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Ever-Larger Spending Won't Improve Our Schools

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Ever-Larger Spending Won't Improve Our Schools

October 23, 2005
EducationPre K-12

As a new resident in Arkansas one of the first expressions I heard repeated was “Thank goodness for Mississippi.” If it weren’t for Mississippi, I was told, Arkansas would have the worst schools in the country. The Special Masters report to the state Supreme Court regarding the adequacy of school funding similarly strikes this gloomy tone, suggesting that massive increases in school spending are necessary for Arkansas schools to offer a minimally adequate education.

But Arkansans should get over their inferiority complex. Arkansas schools actually perform about as well as schools nationwide when the demographic characteristics of our students are taken into account. And according to new test results from the U.S. Department of Education’s National Assessment of Educational Progress (NAEP), Arkansas schools have made impressive gains since 2000. While we still have a long way to go until we have the schools we want, Arkansans should understand that the state’s schools are not particularly bad and have been making significant progress.

It is true that student achievement in Arkansas tends to lag national averages. But it is also the case that Arkansas students often bring greater disadvantages to their educational experience. On average Arkansas students come from households with lower incomes, lower levels of parental education, and higher rates of single-parenthood-all factors that tend to hinder student learning. If we want to know how effective our schools are we have to separate the influence of these student background characteristics from the influence of school instruction on achievement. Using statistical techniques to adjust for the greater disadvantages that Arkansas students possess, I have found that the effectiveness of Arkansas schools is about on par with the effectiveness of schools across the country. Finding that Arkansas schools are about par doesn’t mean that they are particularly good, but it also shows that they aren’t as bad as people think.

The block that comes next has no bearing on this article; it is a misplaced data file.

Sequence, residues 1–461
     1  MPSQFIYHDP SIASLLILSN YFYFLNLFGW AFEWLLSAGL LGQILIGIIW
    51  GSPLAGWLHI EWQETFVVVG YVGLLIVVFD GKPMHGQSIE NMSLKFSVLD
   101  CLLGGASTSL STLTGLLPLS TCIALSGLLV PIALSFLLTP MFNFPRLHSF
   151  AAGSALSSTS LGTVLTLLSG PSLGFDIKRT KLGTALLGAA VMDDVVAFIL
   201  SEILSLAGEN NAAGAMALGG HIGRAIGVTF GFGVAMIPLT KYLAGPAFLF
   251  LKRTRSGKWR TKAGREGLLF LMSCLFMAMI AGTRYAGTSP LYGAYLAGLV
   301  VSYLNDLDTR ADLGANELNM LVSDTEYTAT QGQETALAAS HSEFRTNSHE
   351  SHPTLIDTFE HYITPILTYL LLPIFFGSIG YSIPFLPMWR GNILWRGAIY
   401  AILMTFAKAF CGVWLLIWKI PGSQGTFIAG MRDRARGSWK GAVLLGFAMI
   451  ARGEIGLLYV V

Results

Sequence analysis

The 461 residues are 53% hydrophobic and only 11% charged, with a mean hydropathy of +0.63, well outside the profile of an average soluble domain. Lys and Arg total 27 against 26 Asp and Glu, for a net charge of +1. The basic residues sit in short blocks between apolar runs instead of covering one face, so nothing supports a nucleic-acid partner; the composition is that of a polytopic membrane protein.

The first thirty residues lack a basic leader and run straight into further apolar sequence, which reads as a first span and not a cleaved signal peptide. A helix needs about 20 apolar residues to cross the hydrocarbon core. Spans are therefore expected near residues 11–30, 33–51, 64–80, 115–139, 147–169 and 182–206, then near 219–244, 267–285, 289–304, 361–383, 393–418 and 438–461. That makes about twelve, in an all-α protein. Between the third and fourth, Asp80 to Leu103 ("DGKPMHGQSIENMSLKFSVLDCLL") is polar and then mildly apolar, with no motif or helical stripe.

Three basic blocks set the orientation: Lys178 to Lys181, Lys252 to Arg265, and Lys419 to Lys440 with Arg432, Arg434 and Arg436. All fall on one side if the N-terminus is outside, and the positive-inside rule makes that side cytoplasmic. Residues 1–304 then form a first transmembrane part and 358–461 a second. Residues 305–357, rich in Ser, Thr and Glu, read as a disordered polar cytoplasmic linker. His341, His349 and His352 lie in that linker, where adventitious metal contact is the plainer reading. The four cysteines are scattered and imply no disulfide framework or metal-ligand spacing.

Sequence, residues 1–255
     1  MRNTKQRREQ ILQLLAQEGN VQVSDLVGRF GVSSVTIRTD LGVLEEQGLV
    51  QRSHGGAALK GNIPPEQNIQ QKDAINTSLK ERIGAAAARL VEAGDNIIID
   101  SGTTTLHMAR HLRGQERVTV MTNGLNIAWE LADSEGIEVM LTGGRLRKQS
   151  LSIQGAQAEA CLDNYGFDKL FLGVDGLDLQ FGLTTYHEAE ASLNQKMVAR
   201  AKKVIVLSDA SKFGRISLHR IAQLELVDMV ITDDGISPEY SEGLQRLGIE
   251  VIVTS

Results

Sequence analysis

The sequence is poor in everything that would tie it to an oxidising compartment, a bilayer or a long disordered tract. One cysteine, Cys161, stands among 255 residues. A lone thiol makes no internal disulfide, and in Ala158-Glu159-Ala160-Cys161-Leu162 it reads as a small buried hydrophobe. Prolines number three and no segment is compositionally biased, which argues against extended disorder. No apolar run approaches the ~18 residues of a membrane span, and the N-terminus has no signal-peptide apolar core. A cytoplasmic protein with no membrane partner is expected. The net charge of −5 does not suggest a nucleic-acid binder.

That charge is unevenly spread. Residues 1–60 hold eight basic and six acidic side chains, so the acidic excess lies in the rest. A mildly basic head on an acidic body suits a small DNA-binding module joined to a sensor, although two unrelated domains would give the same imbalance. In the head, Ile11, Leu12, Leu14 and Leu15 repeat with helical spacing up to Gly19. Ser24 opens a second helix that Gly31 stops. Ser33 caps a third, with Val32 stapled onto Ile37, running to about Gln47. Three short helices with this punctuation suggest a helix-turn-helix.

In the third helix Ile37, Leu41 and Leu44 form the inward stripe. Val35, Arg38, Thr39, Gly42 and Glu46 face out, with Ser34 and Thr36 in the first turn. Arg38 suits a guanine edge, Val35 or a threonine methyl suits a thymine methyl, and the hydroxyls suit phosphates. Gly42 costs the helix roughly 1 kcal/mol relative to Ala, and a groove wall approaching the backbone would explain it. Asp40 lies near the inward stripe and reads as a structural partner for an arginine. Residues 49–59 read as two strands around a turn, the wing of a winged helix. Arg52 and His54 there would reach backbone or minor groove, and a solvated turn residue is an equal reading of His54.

Even more encouraging is that in the last several years Arkansas schools have made exceptional progress. According to the NAEP test results released last week by the U.S. Department of Education, 64 percent of Arkansas’ 8th grade students in 2005 demonstrated at least basic skills in math compared to 49 percent in 2000. Only Texas made greater gains on that test since 2000. On the 4th grade math test 78 percent of Arkansas students performed at the basic or better level in 2005 compared to only 55 percent in 2000. This is the biggest improvement among all states.

Progress in reading results has been less impressive but still outstrips gains nationwide. On the 8th grade reading test national results have actually declined slightly since 1998 while Arkansas made a slight improvement-a gain that was the sixth best among all states. On the 4th grade reading test 63 percent of Arkansas students demonstrated at least basic skills, up from 54 percent in 1998-the fifth best improvement among all states.

What has Arkansas been doing right to produce these exceptional gains? No matter how much the Special Masters would like to claim that higher levels of spending cause greater achievement, the improvements can’t be credited to higher spending. During the 1990s per pupil spending in Arkansas rose by 23 percent, adjusted for inflation. But during that time Arkansas performance on the NAEP hardly budged and significantly lagged progress in the national averages. If greater education spending in Arkansas explains higher school performance, we should have seen progress in student achievement during the 1990s. But we didn’t. And we can’t attribute improved results since 2000 to the recent court-ordered jump in school spending, because most of the gains over the last several years occurred before those extra dollars flowed into schools last year.

Our experience in Arkansas and nationwide suggests that giving more money to schools is not sufficient to produce improvement. We also have to give schools and educators stronger motivation to use the money effectively. While we have doubled inflation-adjusted per pupil spending nationally and in Arkansas during the last three decades, we have only recently begun to see achievement gains-and even then only among 4th and 8th graders and not at all among 12th graders. It is only recently and primarily in elementary school grades that we have implemented school accountability systems, such as those required under No Child Left Behind. Clearly just increasing school spending, as we did steadily for more than 30 years, did not give us better schools. But as we have started to hold schools accountable for using those dollars effectively to produce gains in student learning, we have finally begun to make progress.

Arkansans ought to take pride in the progress our schools have made. And we ought to reject the mistaken claims of those who run down our schools to justify ever-larger increases in spending when the evidence shows that progress has had little to do with spending.